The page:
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In Japan Troubled 'space junk' mission fails

An experimental Japanese mission to clear 'space junk' or rubbish from the Earth's orbit has ended in failure, officials said Monday, in an embarassment for Tokyo.

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An artist's impression of the more than 100 million pieces of debris in orbit around the Earth play

An artist's impression of the more than 100 million pieces of debris in orbit around the Earth

(European Space Agency/AFP/File)

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An experimental Japanese mission to clear 'space junk' or rubbish from the Earth's orbit has ended in failure, officials said Monday, in an embarassment for Tokyo.

Over 100 million pieces of garbage are thought to be whizzing around the planet, including cast-off equipment from old satellites and bits of rocket, which experts say could pose risks for future space exploration.

Scientists at the Japan Aerospace Exploration Agency (JAXA) were trying to test an electrodynamic 'tether' -- created with the help of a fishing net company -- to slow down the orbiting rubbish and bring it into a lower orbit.

The hope was that the clutter -- built up after more than five decades of human space exploration -- would eventually enter the Earth's atmosphere and burn up harmlessly before it had a chance to crash into the planet.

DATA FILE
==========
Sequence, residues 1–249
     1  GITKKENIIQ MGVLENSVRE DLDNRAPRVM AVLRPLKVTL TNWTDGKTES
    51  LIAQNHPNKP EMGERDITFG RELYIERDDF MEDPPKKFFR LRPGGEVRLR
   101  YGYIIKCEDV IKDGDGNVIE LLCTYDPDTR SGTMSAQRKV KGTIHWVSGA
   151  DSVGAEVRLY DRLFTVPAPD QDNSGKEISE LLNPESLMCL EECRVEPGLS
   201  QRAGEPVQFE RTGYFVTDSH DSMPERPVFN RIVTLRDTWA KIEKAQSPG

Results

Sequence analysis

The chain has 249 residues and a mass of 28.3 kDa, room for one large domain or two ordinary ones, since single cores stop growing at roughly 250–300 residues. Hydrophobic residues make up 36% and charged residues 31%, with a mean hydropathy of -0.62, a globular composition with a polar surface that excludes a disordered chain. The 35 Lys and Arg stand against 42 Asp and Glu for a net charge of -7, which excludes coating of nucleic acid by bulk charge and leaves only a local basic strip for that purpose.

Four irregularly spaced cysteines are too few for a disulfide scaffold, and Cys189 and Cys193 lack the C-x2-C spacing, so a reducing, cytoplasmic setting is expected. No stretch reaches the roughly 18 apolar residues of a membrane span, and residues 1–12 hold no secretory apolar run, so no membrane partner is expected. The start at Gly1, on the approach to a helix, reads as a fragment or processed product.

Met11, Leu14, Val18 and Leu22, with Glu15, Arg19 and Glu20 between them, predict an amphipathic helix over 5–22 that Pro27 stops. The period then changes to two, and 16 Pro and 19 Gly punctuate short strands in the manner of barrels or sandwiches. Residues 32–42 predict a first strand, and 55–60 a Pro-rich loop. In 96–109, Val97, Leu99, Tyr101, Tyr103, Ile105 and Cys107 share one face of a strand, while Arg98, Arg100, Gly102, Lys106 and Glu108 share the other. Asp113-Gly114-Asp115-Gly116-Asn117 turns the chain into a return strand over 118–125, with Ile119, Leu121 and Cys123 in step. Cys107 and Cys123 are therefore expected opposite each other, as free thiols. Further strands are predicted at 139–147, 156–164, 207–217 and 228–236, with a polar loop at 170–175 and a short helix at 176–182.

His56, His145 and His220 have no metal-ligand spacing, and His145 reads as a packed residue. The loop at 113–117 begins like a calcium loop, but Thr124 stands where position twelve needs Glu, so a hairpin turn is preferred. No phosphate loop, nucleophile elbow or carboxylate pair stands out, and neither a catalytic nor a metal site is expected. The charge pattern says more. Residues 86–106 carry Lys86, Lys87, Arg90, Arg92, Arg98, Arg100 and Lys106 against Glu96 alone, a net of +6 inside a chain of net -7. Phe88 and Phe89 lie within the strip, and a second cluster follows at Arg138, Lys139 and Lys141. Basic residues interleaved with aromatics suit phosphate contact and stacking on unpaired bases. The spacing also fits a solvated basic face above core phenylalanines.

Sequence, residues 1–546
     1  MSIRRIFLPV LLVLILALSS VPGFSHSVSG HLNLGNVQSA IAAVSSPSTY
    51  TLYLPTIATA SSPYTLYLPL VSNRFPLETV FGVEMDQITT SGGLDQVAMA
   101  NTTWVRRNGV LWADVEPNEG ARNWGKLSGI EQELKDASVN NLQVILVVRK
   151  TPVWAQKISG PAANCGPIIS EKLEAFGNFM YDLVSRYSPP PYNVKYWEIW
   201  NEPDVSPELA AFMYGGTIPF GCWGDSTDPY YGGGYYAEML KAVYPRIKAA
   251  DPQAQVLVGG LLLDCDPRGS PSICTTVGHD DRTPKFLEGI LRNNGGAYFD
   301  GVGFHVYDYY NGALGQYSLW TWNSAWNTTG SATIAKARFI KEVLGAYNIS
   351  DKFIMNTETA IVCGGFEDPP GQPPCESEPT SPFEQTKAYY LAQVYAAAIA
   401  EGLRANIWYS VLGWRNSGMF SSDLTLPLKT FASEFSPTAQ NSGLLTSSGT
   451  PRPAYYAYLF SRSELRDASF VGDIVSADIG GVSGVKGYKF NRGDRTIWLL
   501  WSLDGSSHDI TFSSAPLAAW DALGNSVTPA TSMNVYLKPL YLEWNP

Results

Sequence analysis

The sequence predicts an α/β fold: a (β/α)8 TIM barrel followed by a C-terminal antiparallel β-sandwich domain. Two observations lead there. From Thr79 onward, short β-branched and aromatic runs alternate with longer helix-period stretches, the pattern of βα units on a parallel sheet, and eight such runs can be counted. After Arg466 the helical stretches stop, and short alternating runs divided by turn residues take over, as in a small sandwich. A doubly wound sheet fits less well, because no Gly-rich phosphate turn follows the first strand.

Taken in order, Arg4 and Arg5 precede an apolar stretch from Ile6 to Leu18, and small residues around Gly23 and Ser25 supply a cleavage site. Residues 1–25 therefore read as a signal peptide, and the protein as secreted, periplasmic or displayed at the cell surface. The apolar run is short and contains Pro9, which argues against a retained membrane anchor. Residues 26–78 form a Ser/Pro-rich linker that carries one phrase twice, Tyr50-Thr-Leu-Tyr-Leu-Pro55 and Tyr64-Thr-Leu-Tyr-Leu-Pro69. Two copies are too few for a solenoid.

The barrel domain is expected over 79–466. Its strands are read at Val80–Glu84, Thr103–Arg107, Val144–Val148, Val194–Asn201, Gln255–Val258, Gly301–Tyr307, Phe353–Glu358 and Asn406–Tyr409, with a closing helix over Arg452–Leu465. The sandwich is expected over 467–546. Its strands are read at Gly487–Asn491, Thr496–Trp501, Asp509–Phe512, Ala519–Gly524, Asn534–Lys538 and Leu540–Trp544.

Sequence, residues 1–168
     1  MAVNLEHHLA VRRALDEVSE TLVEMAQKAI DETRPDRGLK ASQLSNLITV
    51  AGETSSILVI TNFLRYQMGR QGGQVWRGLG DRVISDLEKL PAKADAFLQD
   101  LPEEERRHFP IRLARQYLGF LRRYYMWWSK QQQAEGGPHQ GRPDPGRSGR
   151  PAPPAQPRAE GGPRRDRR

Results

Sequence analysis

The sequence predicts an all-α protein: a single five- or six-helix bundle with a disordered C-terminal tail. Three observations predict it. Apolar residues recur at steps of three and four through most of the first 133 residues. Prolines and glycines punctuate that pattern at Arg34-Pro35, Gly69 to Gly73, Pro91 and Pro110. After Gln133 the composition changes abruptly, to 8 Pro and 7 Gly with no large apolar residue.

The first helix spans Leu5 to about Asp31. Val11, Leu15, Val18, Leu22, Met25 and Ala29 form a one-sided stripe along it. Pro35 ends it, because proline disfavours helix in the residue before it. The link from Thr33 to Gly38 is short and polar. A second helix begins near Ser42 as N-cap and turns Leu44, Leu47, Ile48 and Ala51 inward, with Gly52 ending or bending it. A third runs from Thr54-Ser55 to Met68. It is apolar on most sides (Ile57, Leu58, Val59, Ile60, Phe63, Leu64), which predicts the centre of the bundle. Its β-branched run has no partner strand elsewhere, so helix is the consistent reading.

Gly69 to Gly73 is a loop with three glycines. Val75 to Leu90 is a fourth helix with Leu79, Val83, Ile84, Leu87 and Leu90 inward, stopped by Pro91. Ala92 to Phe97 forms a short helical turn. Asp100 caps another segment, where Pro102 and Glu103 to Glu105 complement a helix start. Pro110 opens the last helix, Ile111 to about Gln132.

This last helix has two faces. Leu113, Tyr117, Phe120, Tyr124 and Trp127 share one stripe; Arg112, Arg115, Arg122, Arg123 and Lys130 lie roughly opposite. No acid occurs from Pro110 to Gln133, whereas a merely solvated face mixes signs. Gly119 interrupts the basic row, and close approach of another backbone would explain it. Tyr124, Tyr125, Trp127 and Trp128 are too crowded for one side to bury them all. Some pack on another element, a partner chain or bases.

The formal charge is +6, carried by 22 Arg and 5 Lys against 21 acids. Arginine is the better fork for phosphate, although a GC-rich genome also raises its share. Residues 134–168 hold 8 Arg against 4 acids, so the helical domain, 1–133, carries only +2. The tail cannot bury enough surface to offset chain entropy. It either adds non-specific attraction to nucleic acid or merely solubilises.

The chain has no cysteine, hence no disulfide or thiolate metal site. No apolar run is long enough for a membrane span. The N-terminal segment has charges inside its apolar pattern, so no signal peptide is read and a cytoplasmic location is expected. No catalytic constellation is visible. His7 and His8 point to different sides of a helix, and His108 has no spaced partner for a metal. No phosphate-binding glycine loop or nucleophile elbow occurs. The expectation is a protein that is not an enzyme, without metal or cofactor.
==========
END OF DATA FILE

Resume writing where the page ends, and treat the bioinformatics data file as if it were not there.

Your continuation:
The 700-metre (2,300-foot) long tether -- made from thin wires of stainless steel and aluminium -- was due to be extended out from a cargo ship launched in December carrying supplies for astronauts at the International Space Station.

Problems arose quickly, however, and technicians tried for days to remedy the situation but only had a one-week window to carry out the mission before the vessel reentered the Earth's atmosphere before dawn on Monday.

"We believe the tether did not get released", leading researcher Koichi Inoue told reporters.

"It is certainly disappointing that we ended the mission without completing one of the main objectives," he said.

The disappointment is the latest failure to hit JAXA and comes just weeks after the agency had to abort a mission that sought to use a mini-rocket to send a satellite into orbit.

The agency also abandoned a pricey ultra-high-tech satellite launched in February last year to search for X-rays emanating from black holes and galaxy clusters after losing contact with the spacecraft.

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